My baby honda emergency generator – the northeast texan gas and bloating pain

#

The baby Honda generator cost me $587 back then, and even today you can get one for under $800. Eight hundred dollars is a high price, when you can get generators for under $300 today, that can do pretty much the same as the Honda, but I had reasons to buy the Honda instead.

The baby Honda has a 4-cycle engine, which means you do not need to mix oil with its gasoline. You’d have to do that with a 2-cycle engine in most cases. I can get a generator with a 2-cycle engine for under $300. Is it a bargain? Yes, until you need parts. I don’t know where I would get parts to fix it. So if it broke, I’d probably have to throw out the cheap generator and buy another one. Do that a couple of times, and you could have bought the much-more-reliable Honda generator.

If you start the baby Honda generator once a month, let it warm up, then connect a load, it will run well for years. For a load, I use two 400-watt lights. After the engine has warmed, I plug in two extension cords, each with a light. Turn on the first light, and the engine speed increases. Turn on the second light, and the engine revs up still more. After a few minutes I turn off the lights and the engine until the next month.

Incidentally, my petite wife can start the baby Honda. She turns the rotary switch to “on,” advances the choke, and pulls on the starter pull handle. In one or two pulls, it starts. After half a minute it stutters, and she moves the choke lever toward “off.” When it stutters again, the choke goes off, and the baby Honda generator is ready to power up to 900 watts.

The baby Honda generator produces electrical power with an internal generator. The power is 12 volts DC, and the internal “inverter” changes it into 110-volt AC. This means that you can plug anything into the Honda generator that you’d normally plug into an electrical outlet in your home. With a 3-way connector on the end of the extension cord, we have three electrical plug-ins.

Up to 900 watts are available. You can use that to power some lights, some fans, a radio or TV, and a refrigerator. Changing from 60-watt incandescent bulbs to compact fluorescent lighting dropped the wattage requirement to 18 watts. Five CFL bulbs would use 90 watts. Box fans need 90 to 200 watts. A clock radio uses 7 watts. A TV needs 150 to 200 watts. Refrigerators may need 400 watts, but they are on only part of the time. Your desktop computer may use 200 watts, with 100 watts for the LCD display, 100 watts for the printer, 7 watts for the router, and 25 watts for the satellite dish.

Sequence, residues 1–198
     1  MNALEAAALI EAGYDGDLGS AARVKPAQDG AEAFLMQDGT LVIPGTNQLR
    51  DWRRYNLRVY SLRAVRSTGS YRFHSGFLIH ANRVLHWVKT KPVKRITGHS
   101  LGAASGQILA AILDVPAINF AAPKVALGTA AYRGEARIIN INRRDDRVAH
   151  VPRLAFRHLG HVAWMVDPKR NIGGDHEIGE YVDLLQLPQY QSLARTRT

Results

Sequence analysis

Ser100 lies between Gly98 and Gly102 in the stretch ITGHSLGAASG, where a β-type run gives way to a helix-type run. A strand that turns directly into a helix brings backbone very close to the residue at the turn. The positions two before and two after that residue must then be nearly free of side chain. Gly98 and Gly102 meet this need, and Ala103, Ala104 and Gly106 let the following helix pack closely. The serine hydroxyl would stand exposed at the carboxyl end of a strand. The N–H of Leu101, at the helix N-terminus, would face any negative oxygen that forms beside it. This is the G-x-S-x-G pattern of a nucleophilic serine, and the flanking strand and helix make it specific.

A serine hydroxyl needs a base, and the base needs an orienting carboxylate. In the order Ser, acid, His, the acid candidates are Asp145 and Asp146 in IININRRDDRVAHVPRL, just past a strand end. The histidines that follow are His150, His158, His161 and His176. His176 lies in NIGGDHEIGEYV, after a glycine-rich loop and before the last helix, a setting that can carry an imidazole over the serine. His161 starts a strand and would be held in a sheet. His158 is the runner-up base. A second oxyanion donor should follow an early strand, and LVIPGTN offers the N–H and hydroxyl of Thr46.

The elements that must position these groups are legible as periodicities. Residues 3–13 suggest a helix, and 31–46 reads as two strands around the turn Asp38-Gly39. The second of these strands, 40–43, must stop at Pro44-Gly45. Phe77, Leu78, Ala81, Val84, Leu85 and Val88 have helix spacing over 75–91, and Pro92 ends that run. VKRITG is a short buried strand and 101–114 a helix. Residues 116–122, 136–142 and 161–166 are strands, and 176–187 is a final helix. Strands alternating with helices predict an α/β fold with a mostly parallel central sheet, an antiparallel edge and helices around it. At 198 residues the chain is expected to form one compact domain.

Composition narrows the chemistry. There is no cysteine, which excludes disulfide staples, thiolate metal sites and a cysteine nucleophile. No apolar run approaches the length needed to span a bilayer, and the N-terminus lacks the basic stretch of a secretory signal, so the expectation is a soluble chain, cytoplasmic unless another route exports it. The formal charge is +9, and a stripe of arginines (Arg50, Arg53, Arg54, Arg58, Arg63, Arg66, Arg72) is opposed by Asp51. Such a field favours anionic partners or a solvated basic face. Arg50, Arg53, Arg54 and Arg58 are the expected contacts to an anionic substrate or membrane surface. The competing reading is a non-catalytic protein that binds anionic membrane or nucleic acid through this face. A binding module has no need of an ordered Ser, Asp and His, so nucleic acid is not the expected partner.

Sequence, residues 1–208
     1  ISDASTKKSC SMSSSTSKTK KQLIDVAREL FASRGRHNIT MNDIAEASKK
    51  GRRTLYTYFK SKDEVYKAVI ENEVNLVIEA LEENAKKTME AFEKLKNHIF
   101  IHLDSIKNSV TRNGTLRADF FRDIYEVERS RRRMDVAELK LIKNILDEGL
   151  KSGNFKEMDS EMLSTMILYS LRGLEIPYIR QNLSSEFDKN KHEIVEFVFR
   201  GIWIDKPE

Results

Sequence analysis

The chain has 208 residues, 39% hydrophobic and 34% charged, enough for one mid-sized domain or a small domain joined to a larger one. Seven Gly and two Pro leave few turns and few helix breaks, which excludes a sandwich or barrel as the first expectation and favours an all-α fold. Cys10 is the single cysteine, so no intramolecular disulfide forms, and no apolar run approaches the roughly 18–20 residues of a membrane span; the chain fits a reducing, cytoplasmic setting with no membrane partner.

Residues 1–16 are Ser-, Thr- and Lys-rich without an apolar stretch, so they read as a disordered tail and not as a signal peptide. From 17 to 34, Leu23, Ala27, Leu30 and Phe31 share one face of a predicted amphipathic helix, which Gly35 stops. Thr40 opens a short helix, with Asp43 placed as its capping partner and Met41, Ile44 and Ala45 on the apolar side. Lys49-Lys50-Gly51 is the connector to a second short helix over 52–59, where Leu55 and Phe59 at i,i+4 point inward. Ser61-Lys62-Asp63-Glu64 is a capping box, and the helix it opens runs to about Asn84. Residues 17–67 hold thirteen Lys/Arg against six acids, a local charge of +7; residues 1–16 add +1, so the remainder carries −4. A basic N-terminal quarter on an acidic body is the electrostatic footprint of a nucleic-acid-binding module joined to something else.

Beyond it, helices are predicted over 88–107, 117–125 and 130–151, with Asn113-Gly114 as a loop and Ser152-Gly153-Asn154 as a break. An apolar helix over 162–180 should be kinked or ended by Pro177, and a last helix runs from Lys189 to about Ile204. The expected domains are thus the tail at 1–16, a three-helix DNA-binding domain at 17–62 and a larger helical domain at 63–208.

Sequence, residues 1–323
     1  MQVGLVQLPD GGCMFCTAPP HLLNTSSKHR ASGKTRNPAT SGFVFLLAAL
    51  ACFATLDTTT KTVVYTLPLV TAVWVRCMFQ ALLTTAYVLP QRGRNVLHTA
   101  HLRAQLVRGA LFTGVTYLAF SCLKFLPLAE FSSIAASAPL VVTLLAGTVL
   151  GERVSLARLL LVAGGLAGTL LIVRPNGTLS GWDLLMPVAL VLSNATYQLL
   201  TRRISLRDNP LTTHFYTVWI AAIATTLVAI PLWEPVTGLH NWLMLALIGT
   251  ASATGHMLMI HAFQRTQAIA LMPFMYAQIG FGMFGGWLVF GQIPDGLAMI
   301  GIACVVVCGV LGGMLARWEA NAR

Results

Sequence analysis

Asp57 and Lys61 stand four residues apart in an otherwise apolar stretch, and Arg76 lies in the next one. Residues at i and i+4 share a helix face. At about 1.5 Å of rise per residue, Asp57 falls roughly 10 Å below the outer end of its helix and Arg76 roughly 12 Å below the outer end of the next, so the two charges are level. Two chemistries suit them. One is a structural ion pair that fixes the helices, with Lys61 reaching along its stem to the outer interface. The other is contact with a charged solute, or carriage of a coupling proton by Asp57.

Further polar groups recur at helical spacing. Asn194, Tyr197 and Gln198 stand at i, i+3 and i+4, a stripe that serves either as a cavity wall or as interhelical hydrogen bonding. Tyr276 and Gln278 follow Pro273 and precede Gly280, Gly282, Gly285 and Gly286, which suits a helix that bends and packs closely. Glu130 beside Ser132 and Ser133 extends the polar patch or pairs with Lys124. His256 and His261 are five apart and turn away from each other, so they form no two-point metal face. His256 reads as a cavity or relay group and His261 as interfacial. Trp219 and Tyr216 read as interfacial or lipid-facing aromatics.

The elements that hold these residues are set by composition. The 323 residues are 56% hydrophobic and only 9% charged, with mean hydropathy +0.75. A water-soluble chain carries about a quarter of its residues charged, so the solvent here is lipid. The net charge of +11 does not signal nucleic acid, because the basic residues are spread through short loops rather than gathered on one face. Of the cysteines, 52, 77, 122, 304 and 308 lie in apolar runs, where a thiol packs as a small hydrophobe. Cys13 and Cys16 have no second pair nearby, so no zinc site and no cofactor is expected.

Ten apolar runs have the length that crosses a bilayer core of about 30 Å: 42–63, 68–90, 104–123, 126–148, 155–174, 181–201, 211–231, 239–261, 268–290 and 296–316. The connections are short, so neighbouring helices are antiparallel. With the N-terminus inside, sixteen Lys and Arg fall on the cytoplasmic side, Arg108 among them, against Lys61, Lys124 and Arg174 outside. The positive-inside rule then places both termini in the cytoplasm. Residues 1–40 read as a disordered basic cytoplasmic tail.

You may have noticed that if all these were in use at the same time, you’d need more than 900 watts. The trick is to stay under 900 watts by deciding what you turn on at the same time. For example, you could turn your computer off if you needed to have the refrigerator on. You could use the 850-watt toaster, 800-watt furnace fan blower, 800-watt washing machine, or 750-watt well pump if enough other devices were turned off.

My friends say it’s better to buy a bigger generator. An 11,700 watt generator has an 8-gallon gas tank that can run it for 6.5 hours at 50 percent power, generating 5,850 watts. It burns about five quarts per hour. It could run four hours on five gallons of gasoline. This generator comes on automatically in a power outage, powers everything except the air conditioner/central heat, and almost powers an entire house.

I have used a Honda generator as an example because I own one. I think Briggs & Stratton, DeWalt, Generac, John Deere, Kawasaki, Stanley, and Yamaha also make good generators with four-cycle engines. Personally, I would not buy any generator made in China, nor any two-cycle generator that requires mixing oil into the gasoline.

Several friends, who have 10,000-watt generators to power their whole house, asked me why I wanted a “toy” generator. I’m satisfied if I can turn on a few lights, run a fan or two, and maybe turn on a radio or TV – and all of that can be in the living room.